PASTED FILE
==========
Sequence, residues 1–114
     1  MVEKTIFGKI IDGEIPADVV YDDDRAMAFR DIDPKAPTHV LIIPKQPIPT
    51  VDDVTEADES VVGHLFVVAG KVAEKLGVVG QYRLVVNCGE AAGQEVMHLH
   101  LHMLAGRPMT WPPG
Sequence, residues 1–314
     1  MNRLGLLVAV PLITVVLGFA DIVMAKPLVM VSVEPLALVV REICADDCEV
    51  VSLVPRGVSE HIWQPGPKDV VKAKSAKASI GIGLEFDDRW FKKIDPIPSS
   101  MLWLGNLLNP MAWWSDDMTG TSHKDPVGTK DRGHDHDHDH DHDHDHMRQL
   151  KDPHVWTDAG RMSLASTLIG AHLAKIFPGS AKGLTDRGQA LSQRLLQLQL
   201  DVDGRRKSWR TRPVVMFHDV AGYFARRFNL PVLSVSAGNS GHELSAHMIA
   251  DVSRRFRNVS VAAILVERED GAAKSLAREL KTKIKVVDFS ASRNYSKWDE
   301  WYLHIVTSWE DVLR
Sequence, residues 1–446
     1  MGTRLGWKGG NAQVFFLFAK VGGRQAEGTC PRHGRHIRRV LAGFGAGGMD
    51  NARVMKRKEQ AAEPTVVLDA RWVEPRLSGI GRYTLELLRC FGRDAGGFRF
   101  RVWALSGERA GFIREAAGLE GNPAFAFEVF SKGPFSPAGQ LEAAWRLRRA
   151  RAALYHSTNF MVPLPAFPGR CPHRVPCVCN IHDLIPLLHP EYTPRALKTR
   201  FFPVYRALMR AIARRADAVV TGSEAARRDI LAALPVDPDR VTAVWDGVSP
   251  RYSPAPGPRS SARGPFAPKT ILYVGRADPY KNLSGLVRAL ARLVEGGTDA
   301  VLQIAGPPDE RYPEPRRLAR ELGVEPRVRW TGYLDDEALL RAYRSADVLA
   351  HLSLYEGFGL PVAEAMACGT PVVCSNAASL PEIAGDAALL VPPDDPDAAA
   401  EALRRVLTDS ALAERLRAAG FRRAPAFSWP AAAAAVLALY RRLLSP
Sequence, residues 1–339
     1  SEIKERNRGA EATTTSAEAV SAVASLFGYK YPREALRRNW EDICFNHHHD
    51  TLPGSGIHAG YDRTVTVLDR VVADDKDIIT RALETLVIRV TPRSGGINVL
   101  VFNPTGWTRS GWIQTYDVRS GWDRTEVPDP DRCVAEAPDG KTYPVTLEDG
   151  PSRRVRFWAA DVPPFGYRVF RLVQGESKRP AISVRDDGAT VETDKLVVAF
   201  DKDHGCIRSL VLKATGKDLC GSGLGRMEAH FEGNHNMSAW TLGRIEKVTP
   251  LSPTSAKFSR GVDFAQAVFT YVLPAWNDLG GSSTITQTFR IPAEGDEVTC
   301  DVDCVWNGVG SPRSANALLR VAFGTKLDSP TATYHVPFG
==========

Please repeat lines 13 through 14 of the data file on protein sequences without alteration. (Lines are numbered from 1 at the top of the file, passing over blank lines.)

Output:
Sequence, residues 1–446
     1  MGTRLGWKGG NAQVFFLFAK VGGRQAEGTC PRHGRHIRRV LAGFGAGGMD